Thirty-eight years ago, way before Saturday Night Live, was one of the most revolutionary TV shows of all time. From 1968 to 1973, Laugh-In captured the zeitgeist of the era, combining blackout comedy of vaudeville tradition with 1960s-style ‘happening’ and psychedelic costume and graphics.
A handful of the cast, Ruth Buzzi, Jo Anne Worley and Lily Tomlin, joined the show’s executive producer, George Schlatter, at the TV Critics tour to talk about The Best of Laugh-In, a retrospective which airs on PBS this month.
Who was the first person cast on the show?
George Schlatter: The first person we hired was Ruth. She came into the office and went in the Xerox room to an electric piano and played her own composition of Don’t Futz Around.
Ruth Buzzi: So here I am going to an audition, and I was so frustrated because I didn’t have anything really wonderful to audition with. So I thought, ‘Okay, I’ll do Don’t Futz Around. It’s a duet and I didn’t have anyone to do it with. It’s two opera singers doing rock and roll for the first time.
George Schlatter: Then Jo Anne Worley came in and I think she ate the desk or something, but she terrified me.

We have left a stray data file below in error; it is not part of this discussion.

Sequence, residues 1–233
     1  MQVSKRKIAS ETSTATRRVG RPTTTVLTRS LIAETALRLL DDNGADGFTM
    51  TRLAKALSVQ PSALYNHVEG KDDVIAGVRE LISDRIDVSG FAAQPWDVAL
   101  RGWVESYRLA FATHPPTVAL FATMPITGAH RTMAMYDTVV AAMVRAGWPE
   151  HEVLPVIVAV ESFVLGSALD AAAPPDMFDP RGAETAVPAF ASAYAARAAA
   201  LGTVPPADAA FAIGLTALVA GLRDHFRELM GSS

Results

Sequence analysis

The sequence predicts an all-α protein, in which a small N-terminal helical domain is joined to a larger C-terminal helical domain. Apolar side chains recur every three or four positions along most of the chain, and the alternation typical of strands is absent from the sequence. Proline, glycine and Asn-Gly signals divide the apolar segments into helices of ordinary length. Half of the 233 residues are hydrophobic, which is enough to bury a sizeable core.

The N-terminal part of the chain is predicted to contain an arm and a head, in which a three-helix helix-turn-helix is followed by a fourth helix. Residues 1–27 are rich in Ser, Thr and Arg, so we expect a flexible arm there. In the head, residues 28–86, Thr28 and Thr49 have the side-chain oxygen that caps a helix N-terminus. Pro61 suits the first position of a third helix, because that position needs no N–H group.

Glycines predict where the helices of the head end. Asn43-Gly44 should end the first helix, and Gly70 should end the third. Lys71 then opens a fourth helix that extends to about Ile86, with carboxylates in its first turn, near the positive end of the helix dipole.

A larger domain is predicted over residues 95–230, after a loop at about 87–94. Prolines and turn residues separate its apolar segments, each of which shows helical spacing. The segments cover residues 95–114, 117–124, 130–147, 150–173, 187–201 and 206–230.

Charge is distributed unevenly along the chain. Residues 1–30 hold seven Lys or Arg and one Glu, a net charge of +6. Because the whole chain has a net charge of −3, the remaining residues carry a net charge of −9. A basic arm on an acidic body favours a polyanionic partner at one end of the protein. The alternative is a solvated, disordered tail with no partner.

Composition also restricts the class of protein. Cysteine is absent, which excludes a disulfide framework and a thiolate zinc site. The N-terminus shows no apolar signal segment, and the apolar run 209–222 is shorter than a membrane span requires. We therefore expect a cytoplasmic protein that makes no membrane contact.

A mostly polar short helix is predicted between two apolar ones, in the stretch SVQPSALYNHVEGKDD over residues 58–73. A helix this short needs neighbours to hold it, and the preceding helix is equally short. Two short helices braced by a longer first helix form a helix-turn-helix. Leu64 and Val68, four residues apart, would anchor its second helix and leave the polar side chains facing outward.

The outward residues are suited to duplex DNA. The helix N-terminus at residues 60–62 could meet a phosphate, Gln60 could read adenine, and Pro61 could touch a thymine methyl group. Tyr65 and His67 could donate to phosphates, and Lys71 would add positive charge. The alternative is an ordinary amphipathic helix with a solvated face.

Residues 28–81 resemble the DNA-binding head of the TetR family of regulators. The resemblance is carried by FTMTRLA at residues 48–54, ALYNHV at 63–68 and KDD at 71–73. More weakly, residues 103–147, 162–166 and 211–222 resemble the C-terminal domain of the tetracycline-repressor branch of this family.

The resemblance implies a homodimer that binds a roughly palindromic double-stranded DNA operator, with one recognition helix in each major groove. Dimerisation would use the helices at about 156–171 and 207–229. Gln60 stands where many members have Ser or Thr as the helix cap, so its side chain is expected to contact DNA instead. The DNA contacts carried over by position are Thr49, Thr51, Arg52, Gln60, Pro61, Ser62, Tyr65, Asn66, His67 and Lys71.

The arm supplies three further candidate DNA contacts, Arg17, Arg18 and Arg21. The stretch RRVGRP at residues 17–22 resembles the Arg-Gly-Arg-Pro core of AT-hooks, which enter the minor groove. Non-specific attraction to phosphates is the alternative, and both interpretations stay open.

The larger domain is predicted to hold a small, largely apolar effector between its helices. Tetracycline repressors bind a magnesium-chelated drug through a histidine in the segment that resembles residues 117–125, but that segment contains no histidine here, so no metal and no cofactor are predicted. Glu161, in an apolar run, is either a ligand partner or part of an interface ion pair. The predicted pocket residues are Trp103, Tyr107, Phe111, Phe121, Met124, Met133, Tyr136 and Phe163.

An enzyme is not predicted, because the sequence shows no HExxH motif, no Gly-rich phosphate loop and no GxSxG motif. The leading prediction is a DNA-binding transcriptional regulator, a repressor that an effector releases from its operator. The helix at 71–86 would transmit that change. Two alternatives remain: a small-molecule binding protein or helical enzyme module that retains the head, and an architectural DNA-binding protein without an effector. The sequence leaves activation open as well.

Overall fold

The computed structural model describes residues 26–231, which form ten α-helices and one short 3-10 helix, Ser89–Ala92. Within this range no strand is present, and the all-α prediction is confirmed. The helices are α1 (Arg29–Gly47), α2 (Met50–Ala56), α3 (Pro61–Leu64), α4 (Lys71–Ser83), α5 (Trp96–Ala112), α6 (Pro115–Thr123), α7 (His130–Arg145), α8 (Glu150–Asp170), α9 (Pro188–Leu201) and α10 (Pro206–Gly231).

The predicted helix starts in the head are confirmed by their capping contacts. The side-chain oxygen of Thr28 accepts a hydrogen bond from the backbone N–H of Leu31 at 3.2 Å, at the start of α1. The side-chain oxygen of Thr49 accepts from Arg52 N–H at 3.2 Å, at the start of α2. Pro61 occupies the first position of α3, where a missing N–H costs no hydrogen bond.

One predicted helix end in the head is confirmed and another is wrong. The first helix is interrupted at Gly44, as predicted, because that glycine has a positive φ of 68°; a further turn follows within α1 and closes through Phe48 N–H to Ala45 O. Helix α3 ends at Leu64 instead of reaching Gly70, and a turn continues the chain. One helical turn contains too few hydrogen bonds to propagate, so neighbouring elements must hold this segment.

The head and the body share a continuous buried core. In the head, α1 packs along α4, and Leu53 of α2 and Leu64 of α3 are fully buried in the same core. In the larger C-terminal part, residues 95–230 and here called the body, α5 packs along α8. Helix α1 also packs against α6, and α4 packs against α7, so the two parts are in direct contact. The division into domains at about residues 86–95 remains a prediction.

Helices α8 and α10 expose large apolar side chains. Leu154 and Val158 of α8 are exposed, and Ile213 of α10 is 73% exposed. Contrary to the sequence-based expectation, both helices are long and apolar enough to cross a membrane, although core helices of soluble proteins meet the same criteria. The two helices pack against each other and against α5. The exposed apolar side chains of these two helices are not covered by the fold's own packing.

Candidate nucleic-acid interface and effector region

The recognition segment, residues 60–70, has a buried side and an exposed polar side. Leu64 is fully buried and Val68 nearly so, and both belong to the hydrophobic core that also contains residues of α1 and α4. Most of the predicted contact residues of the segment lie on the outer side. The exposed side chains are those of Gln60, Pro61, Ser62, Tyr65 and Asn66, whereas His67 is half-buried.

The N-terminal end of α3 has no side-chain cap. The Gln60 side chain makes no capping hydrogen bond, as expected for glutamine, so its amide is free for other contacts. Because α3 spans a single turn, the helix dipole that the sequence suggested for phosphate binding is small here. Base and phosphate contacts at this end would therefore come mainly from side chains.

Jo Anne Worley: I didn’t drive a car, so there was a girl, Anne Elder, who lived in the apartment building I was in, and she said, ‘I’ve going to go audition. I’ll take you with me.’ I went in first and we laughed, and George said, ‘I can’t explain what [this show] is. Do you want to do it?’ I said, ‘Yes, absolutely.’ And then, Anne went in and didn’t get the job!
George Schlatter: You gotta understand. The writers would sit and write and write. And when they really got a piece that needed to be honed they would say, ‘Give this to Ruth.’ When they needed a piece they weren’t too sure of they said, ‘Give this to Jo Anne.’
Jo Anne Worley: The loudmouth.
Lily, you joined the cast later in the show’s run, do you remember the first time you met with George?
Lily Tomlin: Before I went to see George, I would go and audition some places and people would make the phone ring under their desk, or someone from the typing pool would rush in and say, ‘Your mother’s dying,’ and my audition would be cut short. When I finally got to see George, I did the characters that I had. He was the first one that I really had fun with and who seemed to understand [my humor]
George Schlatter: It was a three-hour audition.
Lily Tomlin: Judy (Carne) had left. She used to answer the switchboard and say, ‘Beautiful downtown Burbank.’ George needed someone at the switchboard, and I just happened to do a telephone operator named Ernestine.
The show went off the air 38 years ago and you all look exactly the same now, what are you doing to remain so young?
Jo Anne Worley: Laughing, absolutely.
How familiar do you think you have to be with the times when Laugh-In was on to appreciate the humor?
Jo Anne Worley: Not at all.
Do you think it’s timeless?
Jo Anne Worley: And if it isn’t exactly timeless, it goes by so quickly you don’t even notice it. Something else is coming up. I just recently saw a lot of the DVDs and they’re really excellent. They are sharp and funny.